Liz Truss conveys resolute leadership with imperial purple attire

Next British prime minister will enter Downing Street facing a level of crisis not experienced by a leader since Winston Churchill

New Conservative Party Leader Liz Truss following the announcement of her win arrives at Conservative Central Office, London , 05 September 2022. EPA
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Dressed from neck to knee in purple, Britain’s prime minister-in-waiting firmly made the point on Monday that she is now in charge.

Liz Truss is not cut from the same cloth as Boris Johnson and her approach is likely to differ from his over the past three years.

Part of that will be enforced by the energy crisis Britain confronts this coming winter but it will be also through her own forceful character, her ability to work 18-hour days, getting across her brief with a willingness to challenge officials. From now on, if there are any parties in Downing Street they will be formal and functional.

As Mr Johnson found to his cost, politics is not just about winning elections. The ability to govern, to swallow bitter pills knowing decisions taken will hurt your standing, requires resolution and steel.

So it was that Ms Truss’ speech after securing a modest win over her rival Rishi Sunak was about her serious intent to “deliver”.

Her loyalty to Mr Johnson remains, although her attempt to eulogise him before the 400 Tory MPs and members gathered at the Queen Elizabeth II Centre in Westminster at one point fell rather flat.

“You’re admired from Kyiv to Carlisle …” she said of the prime minister, giving a deliberate pause for applause that came an embarrassing second or two later.

There seemed to be more sympathy for Ms Truss than her predecessor. The Tory hierarchy know that their new leader has been handed the trickiest inheritance of Number 10 since Winston Churchill took office as the Nazis rampaged across France in May 1940.

New Conservative Party Leader Liz Truss following the announcement of her win at Conservative Central Office on September 5, 2022.  EPA

There is war in Europe once again, with Russia’s invasion of Ukraine threatening to imperil the West not only through the possible spread of the conflict but the strangulation of energy supplies, the consequence of which could be a very difficult winter.

The dry, rather stiff performance she gave in her acceptance speech is less important than the cabinet she selects on Tuesday to tackle the coming storm.

Ben Wallace’s firm presence at the front of the audience suggested resilience in defence. Tom Tugendhat’s animated chatting to colleagues on the front row perhaps revealed he has a cabinet post, possibly as security minister following his firm leadership challenge.

Kwasi Kwarteng momentarily stood close to the podium, suggesting his proximity to power as the next chancellor. His good working relationship with Ms Truss will at least mean that the two most powerful politicians will be in agreement — unlike their predecessors.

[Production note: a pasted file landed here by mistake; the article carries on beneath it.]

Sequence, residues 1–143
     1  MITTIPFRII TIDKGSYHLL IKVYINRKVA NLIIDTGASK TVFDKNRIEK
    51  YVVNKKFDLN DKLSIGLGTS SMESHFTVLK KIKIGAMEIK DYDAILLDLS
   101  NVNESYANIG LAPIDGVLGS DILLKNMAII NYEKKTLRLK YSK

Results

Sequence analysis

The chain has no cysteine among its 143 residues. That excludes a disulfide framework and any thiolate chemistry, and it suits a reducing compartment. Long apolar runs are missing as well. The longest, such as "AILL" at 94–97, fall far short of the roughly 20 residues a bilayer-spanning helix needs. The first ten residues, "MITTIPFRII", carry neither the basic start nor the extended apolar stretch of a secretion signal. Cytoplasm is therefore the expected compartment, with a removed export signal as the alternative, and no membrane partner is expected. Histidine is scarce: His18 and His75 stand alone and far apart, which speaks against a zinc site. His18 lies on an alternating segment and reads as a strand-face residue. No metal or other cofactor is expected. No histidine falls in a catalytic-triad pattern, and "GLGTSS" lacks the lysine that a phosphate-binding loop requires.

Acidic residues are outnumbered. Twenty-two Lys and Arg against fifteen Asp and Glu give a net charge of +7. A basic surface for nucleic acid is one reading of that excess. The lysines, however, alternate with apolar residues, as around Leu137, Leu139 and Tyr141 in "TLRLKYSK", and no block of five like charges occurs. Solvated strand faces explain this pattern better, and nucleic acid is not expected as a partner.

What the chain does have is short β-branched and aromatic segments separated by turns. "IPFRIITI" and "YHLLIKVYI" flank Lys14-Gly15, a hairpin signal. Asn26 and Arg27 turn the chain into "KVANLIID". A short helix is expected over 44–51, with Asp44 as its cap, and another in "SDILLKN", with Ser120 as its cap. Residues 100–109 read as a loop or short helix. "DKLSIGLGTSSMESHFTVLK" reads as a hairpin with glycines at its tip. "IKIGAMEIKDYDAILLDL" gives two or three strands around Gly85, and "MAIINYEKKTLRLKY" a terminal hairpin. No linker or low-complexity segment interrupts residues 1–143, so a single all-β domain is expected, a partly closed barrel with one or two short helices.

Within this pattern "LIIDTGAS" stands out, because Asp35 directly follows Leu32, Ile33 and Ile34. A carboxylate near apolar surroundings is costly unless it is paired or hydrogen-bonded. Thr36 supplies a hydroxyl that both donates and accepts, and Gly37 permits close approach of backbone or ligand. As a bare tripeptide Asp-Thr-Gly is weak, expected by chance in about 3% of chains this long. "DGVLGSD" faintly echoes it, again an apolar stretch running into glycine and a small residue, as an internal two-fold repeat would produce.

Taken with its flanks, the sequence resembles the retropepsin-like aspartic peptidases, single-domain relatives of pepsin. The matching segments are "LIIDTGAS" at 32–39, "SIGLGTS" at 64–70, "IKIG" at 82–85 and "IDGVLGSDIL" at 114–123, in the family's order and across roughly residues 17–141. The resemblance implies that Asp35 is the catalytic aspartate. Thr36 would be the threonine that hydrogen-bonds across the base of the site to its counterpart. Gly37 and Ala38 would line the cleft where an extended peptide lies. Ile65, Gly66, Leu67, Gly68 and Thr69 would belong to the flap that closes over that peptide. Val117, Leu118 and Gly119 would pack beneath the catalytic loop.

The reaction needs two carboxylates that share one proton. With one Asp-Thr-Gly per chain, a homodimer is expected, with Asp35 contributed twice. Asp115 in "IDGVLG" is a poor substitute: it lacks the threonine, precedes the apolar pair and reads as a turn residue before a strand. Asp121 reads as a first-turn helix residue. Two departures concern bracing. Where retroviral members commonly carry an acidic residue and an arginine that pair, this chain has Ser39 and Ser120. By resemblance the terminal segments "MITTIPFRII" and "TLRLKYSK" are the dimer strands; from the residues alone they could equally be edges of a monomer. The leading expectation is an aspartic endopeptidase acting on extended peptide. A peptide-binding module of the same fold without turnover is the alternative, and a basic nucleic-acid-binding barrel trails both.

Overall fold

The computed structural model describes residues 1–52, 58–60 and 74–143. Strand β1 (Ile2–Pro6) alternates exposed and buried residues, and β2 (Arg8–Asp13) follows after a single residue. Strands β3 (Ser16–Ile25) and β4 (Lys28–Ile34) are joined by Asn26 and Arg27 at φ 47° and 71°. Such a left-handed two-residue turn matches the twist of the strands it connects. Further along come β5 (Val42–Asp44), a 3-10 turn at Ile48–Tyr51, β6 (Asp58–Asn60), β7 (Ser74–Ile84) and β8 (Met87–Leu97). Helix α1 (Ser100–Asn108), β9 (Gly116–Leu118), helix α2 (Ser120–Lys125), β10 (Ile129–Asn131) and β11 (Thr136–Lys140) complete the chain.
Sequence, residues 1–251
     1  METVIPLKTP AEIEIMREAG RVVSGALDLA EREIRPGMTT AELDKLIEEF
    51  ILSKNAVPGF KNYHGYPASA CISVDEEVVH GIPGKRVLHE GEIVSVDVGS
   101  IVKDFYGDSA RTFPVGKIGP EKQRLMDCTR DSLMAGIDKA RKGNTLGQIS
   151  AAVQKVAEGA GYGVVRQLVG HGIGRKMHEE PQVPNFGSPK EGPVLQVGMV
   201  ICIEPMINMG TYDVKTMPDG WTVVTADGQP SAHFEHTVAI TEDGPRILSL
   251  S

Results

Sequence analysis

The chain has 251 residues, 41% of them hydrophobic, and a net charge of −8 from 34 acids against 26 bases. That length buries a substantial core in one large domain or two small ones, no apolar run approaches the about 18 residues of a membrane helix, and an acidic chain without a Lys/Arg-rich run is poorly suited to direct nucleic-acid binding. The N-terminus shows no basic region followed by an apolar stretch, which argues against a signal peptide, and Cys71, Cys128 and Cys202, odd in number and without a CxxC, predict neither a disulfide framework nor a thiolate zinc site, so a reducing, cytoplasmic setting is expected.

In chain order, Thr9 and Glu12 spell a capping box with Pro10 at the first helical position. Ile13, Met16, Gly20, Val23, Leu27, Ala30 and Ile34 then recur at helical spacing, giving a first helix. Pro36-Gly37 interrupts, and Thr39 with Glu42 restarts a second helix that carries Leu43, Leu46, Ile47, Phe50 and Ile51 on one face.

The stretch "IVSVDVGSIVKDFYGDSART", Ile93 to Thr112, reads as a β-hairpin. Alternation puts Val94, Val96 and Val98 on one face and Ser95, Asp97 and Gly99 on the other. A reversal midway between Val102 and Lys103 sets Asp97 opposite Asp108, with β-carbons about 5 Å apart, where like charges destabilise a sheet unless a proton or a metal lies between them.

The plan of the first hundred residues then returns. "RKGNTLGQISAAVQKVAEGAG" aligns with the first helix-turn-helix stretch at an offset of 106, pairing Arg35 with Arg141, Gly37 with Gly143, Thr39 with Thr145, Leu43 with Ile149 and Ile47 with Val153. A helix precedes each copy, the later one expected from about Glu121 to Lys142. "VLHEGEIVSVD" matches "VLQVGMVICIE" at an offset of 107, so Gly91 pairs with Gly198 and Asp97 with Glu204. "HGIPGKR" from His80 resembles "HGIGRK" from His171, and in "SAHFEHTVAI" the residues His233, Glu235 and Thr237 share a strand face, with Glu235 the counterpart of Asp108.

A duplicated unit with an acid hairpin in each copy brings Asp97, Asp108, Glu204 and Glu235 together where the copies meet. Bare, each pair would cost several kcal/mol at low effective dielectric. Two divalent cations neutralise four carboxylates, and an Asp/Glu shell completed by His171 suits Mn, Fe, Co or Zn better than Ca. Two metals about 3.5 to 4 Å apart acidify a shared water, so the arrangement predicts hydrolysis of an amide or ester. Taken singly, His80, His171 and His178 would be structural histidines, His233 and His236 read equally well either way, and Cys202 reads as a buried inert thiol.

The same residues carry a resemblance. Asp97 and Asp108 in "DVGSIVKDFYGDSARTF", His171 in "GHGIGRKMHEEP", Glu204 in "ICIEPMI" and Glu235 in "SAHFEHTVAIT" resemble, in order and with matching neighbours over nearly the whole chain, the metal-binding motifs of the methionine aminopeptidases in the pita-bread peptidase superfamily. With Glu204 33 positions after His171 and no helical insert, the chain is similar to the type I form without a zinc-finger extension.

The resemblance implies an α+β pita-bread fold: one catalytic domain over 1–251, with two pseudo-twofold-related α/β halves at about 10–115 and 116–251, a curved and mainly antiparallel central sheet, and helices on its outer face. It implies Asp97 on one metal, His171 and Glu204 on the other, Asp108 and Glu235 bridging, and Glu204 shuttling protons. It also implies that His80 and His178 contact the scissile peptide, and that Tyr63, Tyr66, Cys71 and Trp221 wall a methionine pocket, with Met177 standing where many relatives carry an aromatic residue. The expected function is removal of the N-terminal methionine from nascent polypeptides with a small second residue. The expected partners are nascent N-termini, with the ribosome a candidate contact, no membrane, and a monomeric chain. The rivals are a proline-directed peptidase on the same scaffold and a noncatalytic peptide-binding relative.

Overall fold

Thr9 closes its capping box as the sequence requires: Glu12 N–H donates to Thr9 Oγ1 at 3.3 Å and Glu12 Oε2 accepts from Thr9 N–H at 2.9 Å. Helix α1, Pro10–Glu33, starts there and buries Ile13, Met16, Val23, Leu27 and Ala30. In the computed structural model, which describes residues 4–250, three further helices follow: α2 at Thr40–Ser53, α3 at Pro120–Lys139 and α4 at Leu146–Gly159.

Perhaps Ms Truss’ flat performance was down to two brutal months of electioneering, in which she has barely had time to recover from jet lag after her 15-hour flight from the G7 summit in Indonesia following Mr Johnson's resignation on July 7.

But her resilience is such that she recovered from a fumbled leadership launch, surging in the last parliamentary vote from third to second place before giving assured performances in the television debates and hustings.

“It’s been one of longest job interviews in history,” she said to chuckles. She was right. During the12 hustings before 20,000 Tories there have been 14 hours of questioning and 1,600 questions answered to members and media.

Handling his third Tory leadership contest in eight years, Sir Graham Brady, chairman of the Conservative 1922 Committee of backbench MPs, was unblemished in delivering the voters' verdict of 60,399 for Mr Sunak and 81,326 for Ms Truss. There was an intake of breath at the narrower than expected result, with the next leader securing just 57 per cent of the vote.

But that will be largely forgotten amid the maelstrom that greets Ms Truss as she enters Downing Street late on Tuesday afternoon, following an audience with Queen Elizabeth II in Balmoral, Scotland.

“We've been in a leadership vacuum for the last eight weeks,” senior Tory MP Sir Geoffrey Clifton Brown told The National. “Liz Truss is going to make positive, concrete announcements this week and hopefully we'll start to solve some of the really big problems we've got in the country.”

With its fourth leader in six years the Conservative Party will be hoping that Ms Truss remains in post at least until the next general election, which must be held before January 2025.

Party unity and discipline, fractured since the Brexit referendum in 2016, will be foremost if the Tories want to keep the Labour Party out of office.

That concern was reflected in a conversation between two MPs overhead by The National before Monday’s announcement.

“Here we go again,” said one MP referencing the high turnover of Tory leaders.

His colleague, who worked closely with Boris Johnson, replied: “Yes, I hope this one’s a keeper.”

Updated: September 05, 2022, 8:32 PM